The world now demands a maturity of America that we may not be able to achieve. It demands that we admit that we have been wrong from the beginning of our adventure in Vietnam, that we have been detrimental to the life of her people.

Meanwhile, we in the churches and synagogues have a continuing task while we urge our government to disengage itself from a disgraceful commitment. We must be prepared to match actions with words by seeking out every creative means of protest possible.

A true revolution of values will soon cause us to question the fairness and justice of many of our past and present policies. . . .[we] will look across the seas and see individual capitalists of the West investing huge sums of money in Asia, Africa and South America, only to take the profits out with no concern for the social betterment of the countries, and say: This is not just."

The Western arrogance of feeling that it has everything to teach others and nothing to learn from them is not just. A true revolution of values will lay hands on the world order and say of war: "This way of settling differences is not just."

These are revolutionary times. All over the globe men are revolting against old systems of exploitation and oppression, and out of the wombs of a frail world, new systems of justice and equality are being born.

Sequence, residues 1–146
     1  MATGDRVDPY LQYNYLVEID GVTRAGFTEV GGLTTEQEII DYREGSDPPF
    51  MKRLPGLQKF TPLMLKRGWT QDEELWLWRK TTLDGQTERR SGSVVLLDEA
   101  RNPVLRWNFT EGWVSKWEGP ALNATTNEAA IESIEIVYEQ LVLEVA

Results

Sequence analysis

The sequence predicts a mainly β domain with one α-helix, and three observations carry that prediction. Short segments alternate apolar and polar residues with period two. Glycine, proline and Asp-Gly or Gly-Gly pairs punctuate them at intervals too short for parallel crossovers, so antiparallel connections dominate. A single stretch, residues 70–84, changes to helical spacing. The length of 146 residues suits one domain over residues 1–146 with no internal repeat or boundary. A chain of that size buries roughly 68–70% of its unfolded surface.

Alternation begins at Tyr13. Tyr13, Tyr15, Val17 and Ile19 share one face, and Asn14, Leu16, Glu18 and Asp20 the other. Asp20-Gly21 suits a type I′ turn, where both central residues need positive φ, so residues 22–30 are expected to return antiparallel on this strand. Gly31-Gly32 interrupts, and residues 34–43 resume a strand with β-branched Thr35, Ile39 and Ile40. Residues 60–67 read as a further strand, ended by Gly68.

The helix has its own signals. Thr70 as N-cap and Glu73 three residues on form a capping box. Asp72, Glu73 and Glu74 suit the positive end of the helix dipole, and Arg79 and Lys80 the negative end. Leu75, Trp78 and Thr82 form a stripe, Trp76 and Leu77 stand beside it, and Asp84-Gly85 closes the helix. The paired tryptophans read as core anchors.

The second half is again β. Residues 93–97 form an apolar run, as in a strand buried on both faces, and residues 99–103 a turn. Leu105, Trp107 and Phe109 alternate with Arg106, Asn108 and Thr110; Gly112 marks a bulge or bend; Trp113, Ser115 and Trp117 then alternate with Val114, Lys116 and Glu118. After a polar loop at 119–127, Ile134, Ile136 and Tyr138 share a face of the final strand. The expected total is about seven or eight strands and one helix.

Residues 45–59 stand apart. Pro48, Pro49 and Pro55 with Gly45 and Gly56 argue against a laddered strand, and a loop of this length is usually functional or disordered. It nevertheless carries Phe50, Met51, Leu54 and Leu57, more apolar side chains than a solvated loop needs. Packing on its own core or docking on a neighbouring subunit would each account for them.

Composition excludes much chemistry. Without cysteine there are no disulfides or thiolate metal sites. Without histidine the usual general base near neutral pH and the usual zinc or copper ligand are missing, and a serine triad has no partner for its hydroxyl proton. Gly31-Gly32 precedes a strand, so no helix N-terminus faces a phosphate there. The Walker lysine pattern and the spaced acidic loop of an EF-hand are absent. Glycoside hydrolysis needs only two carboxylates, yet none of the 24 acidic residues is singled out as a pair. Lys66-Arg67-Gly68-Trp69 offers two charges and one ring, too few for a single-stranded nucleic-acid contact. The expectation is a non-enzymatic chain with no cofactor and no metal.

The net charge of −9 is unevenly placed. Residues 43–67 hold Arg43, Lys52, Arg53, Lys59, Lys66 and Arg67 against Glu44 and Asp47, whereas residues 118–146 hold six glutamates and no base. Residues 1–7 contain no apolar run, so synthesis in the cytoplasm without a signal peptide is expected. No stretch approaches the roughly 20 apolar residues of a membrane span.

We must move past indecision to action. We must find new ways to speak for peace in Vietnam and justice throughout the developing world, a world that borders on our doors. If we do not act we shall surely be dragged down the long, dark and shameful corridors of time reserved for those who possess power without compassion, might without morality, and strength without sight.

Now let us begin. Now let us re-dedicate ourselves to the long and bitter, but beautiful, struggle for a new world.

*For readability, I have omitted ellipses (. . .) except where a sentence is broken.

Excepted from "Beyond Vietnam: A Time to Break Silence. Declaration of Independence from the War in Vietnam" delivered by Dr. Martin Luther King Jr on April 1967 at Manhattan's Riverside Church; Published online on Thursday, January 15, 2004 by CommonDreams.org

Dr. King's dead, yet his speeches could still lay the smack down on 90% of the assholes supposedly representing us in our government today. Sigh. And what about the human fallout from the Vietnam war? I can speak to some of that. My city is populated by a vast assortment of people native to the countries the war destroyed. Their road is still not an easy one, 30 years later. We fuck up their country, we bring them to the US, and we don't begin to approach giving them sufficient tools and resources to cope with our culture/economy/society. And what do we get? A generation fo youth adrift, joining gangs, committing, crimes, living in generational poverty, coping with the fact that they are lumped with people they've historically had a gripe with (to people here the hmong, cambodians, laotians, and chinese all look the same.) --shamless agitator, who for some reason can't log in to Blogger right now...